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font features in CSS

From: Håkon Wium Lie <howcome@opera.com>
Date: Mon, 26 Oct 2009 15:46:28 +0100
Message-ID: <19173.46660.701817.726727@gargle.gargle.HOWL>
To: www-style <www-style@w3.org>, www-font <www-font@w3.org>
Prince 7.0 has been released with experimental support for OpenType
font "features". This means that glyph alternates present in the font
can be selected by way of CSS. Here's a sample document that uses
alternates found in Adobe's "Arno Pro" font:

  http://www.princexml.com/howcome/2009/magic/prince7.pdf
  http://www.princexml.com/howcome/2009/magic/prince7.html

The preliminary syntax for selecting various features is:

  font-variant: prince-opentype(<feature name>);

Mozilla is also working on supporting font features:

  http://hacks.mozilla.org/2009/10/font-control-for-designers/

Their preliminary syntax is:

  -moz-font-feature-opentype: "<feature-name>=<value>";

(Comma-separted lists are supported in both implementations.)

So, it seems font "features" could be a useful CSS feature. However,
some issues have come up:

  - the current implementations only support arbirary features. The
    names of these features are buried deep down within the fonts and
    are hard to find. Another approach is to standardize a set of
    common features. There have been several such proposals in the
    past:

      http://lists.w3.org/Archives/Public/www-style/2008Jan/0380.html
      http://lists.w3.org/Archives/Public/www-style/2009Jun/0506.html

    I personally think standardized names will be better, but it may
    still be hard to avoid cryptic names like "alt" and "salt".


  - Are features binary or do they need integer values? It seems that
    Prince has implemented features as binary switches, e.g.:

      font-variant: prince-opentype(salt2);

    while Mozilla uses integer values:

      -moz-font-feature-opentype: "salt=2";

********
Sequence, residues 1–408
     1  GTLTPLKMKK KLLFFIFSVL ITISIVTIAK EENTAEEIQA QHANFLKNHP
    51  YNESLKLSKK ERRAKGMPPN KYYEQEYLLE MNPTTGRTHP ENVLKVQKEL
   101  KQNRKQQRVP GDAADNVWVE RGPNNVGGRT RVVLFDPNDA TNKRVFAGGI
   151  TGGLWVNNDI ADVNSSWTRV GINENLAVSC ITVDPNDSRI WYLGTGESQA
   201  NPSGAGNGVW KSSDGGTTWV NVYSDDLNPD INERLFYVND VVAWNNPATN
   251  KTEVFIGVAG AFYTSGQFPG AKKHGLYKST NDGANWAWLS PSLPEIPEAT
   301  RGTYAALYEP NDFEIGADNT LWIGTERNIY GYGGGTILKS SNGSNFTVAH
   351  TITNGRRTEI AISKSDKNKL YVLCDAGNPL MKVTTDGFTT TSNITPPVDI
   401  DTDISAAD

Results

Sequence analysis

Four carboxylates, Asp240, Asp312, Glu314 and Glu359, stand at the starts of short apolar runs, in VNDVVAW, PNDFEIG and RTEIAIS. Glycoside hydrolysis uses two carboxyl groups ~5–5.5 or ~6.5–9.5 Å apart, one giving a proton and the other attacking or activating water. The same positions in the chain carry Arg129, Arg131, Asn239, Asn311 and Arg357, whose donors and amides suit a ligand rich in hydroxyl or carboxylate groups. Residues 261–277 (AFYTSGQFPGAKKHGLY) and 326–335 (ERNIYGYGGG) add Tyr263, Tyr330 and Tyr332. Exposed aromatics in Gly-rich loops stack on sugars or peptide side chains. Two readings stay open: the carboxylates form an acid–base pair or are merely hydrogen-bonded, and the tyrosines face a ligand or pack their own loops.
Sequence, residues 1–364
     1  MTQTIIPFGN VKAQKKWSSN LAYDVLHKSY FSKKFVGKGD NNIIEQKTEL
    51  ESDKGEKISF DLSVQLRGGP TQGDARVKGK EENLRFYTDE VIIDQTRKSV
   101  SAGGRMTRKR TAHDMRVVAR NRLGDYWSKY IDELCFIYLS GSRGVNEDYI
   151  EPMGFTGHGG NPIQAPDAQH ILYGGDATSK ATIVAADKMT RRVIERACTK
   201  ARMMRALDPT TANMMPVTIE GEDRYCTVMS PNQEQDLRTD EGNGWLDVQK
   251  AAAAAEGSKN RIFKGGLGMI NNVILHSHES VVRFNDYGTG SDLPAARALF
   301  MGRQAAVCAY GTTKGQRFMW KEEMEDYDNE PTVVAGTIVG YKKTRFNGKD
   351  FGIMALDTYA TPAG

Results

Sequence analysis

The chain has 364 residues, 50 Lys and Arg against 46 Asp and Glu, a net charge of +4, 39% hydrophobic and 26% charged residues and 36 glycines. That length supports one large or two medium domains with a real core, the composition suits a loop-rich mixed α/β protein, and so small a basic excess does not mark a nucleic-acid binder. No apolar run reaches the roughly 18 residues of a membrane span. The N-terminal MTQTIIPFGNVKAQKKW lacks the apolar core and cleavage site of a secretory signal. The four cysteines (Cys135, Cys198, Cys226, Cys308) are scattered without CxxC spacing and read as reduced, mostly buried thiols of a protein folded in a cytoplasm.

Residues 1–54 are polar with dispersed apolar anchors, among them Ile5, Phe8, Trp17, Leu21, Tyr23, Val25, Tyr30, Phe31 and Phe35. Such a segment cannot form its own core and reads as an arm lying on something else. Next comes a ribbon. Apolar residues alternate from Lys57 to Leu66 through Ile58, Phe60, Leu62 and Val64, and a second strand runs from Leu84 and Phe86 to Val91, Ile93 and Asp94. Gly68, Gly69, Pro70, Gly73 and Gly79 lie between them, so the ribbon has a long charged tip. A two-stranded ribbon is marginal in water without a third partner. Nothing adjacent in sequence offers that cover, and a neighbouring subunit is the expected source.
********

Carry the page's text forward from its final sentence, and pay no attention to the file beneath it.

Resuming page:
Personally, I hope to avoid numbers altogeter; they seem even more
    arbitrary than the alt/salt/ss names we're currently seeing.


  - Here's a reformulated version of Mozilla's demo document that
    contains both the Prince and Mozilla syntax, along with Prince's
    rendering:

      http://www.princexml.com/howcome/2009/megalopolis/sample.html
      http://www.princexml.com/howcome/2009/megalopolis/sample.pdf
      http://people.mozilla.com/~jkew/feature-samples/MEgalopolis.png

    The page has been carefully designed so that all lines should have
    the same length. However, in Prince's renering, lines stick out.
    This is, I believe, due to Prince applying the named feature
    (ss05) in the case of the "Beua.." line) to all characters in the
    element, while Mozilla only applys it to the last character of a
    word. Mozilla's solution is convenient; it avoids having <span>
    elements around the last charater in order to give it a special
    feature. However, how do one decide that a certain feature should
    only be applied to the last characters? Does the feature itself
    indicate this in any way?

  - personal peeve: I don't like the term "font feature". The term
    "feature" seems much to generic to be used for a very specific
    feature (ouch): alternate glyphs.

-h&kon
              Håkon Wium Lie                          CTO °þe®ª
howcome@opera.com                  http://people.opera.com/howcome
Received on Monday, 26 October 2009 14:54:52 GMT

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